Here’s your latest webcomics and digital comics news. I was hoping to get this out last week but things got away from me. There were also a lot of big stories I felt deserved coverage but unfortunately that meant I had less time to dig up stories on less high profile comics. Remember, if you’re a creator of such comics, send me your news, press releases, announcements, etc. The internet is a big place so I can’t see everything. I’d be happy to cover your comic.
# Digital comics publisher MonkeyBrain Comics announces their Summer of Print, where they will release print versions of their digital-first comics for the first time. MonkeyBrain and their creators will team up with traditional print publishers Image Comics and IDW Publishing. The super-villain series Edison Rex by Chris Roberson and Dennis Culver will be released by IDW in June. The Depression-era superhero anthology Masks & Mobsters by Joshua Williamson and Mike Henderson will be released by the Shadowline imprint of Image in July. And then fantasy series Amelia Cole and the Unknown World by Adam P. Knave, D.J. Kirkbride and Nick Brokenshire will come out in August from IDW. “Print collections have been a main goal from the beginning and it’s really exciting to see such a major piece of the plan fall into place,” Allison Baker says, “especially since it means even more people get to discover the amazing work of our creators!” More collections will be announced in the near future. Wired has a story covering the news and more about MonkeyBrain’s business model and goals.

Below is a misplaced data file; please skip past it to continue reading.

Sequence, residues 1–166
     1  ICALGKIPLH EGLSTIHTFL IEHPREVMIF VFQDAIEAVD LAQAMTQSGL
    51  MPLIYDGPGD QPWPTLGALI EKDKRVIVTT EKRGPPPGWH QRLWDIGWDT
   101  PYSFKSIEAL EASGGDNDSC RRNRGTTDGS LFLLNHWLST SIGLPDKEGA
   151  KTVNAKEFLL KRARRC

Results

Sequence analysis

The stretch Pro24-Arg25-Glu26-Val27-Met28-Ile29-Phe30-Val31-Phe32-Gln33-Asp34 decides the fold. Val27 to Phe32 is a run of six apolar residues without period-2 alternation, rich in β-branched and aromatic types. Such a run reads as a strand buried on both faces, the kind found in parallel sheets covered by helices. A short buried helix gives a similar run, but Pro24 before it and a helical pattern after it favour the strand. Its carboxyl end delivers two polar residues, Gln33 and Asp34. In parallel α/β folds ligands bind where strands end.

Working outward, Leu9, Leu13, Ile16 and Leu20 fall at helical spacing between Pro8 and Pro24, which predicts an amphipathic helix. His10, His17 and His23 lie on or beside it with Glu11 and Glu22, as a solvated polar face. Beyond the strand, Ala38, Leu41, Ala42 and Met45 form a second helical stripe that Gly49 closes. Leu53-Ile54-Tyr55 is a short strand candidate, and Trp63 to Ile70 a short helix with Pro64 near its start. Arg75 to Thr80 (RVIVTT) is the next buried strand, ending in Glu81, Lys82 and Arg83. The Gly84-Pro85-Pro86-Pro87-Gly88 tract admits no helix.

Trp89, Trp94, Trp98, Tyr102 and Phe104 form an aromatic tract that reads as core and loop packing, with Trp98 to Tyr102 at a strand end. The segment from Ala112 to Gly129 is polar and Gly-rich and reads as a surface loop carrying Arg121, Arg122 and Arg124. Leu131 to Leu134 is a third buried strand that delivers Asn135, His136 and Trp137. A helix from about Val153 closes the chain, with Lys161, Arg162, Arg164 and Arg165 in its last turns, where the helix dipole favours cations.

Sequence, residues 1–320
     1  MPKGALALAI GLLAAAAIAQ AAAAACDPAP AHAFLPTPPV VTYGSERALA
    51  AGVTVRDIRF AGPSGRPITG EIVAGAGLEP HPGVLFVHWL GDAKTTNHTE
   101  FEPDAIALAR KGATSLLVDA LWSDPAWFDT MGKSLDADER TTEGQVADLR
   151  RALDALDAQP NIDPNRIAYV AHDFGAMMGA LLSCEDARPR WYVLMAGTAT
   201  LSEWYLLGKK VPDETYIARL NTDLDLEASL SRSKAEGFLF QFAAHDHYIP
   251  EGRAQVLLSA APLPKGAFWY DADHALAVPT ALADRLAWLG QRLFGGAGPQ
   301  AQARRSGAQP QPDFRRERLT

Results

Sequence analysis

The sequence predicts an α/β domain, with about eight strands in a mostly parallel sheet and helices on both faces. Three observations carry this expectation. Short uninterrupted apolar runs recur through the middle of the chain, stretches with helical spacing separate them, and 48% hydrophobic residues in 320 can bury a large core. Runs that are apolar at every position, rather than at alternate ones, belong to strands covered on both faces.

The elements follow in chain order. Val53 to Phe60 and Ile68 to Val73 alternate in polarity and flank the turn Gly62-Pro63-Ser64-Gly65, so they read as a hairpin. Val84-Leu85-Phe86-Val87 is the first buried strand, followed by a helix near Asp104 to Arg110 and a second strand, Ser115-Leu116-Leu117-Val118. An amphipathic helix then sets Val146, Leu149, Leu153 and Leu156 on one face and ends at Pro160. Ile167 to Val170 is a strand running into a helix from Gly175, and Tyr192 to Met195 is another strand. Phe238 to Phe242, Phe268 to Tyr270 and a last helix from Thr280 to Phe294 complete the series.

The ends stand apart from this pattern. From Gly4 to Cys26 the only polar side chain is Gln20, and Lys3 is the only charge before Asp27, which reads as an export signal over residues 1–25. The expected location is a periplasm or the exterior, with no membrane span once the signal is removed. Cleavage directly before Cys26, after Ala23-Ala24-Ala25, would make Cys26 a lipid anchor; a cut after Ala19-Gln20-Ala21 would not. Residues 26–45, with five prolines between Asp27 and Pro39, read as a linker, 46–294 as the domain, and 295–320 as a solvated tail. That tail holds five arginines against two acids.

# Mark Waid spoke at the Tools of Change for Publishing conference recently. His presentation “Reinventing Comics and Graphic Novels for Digital” walked people through the challenges of bringing comics to the digital space, and how his digital-first model on Thrillbent is succeeding. One thing I found interesting is that the sales from collections of 4 weeks of content through ComiXology recoups their production costs. And that’s just one revenue stream they only recently started.
# ComiXology released the first ever digital convention exclusive at the just-concluded Emerald City Comicon this past weekend. According to the press release, con goers were given a special code for a free download of the all-new short story Atomic Robo: Along Came a Tyrantula by Brian Clevinger and Scott Wegener which will be released this Wednesday. The fancy gif above reveals that the story was made exclusively as a digital experience, using similar techniques used by Thrillbent and Marvel’s Infinite Comics.
Spotlight on… Look Straight Ahead by Elaine M. Will. One of the final recipients of the Xeric Award grant, Will has been serializing her beautiful graphic novel online since last summer before the eventual print release. Look Straight Ahead, which was nominated for a 2011 Joe Shuster Award in it’s original form as a self-published comic book, is a story about a teen boy’s struggle with depression and mental illness. Will herself had suffered from a mental breakdown in 2002. This led her to research mental illness and when she found a lack of coverage in comics, she decided to change that. In addition to the rock solid line work and layout skills, there’s some fantastic imagery that wonderfully visualizes some of the abstract and intangible sensations of mental illness. Check out page 4 from Chapter 1:
In other news
# Kelly Yates launched last week MonstHer, a new all-ages adventure series released as a digital comic at Artist Alley Comics. A 0 issue is free (and is an adorable and awesome tribute to the classic children’s book The Monster at the End of This Book: Starring Lovable, Furry Old Grover by Jon Stone and Mike Smollin), and issue #1 is only $0.99. The series is about Eva Monst who helps her father run a halfway house for monsters who were once humans. Yates is probably best known for his other creator-owned sci-fi adventure series, Amber Atoms, which started life in print at Image Comics and now also lives at Artist Alley Comics.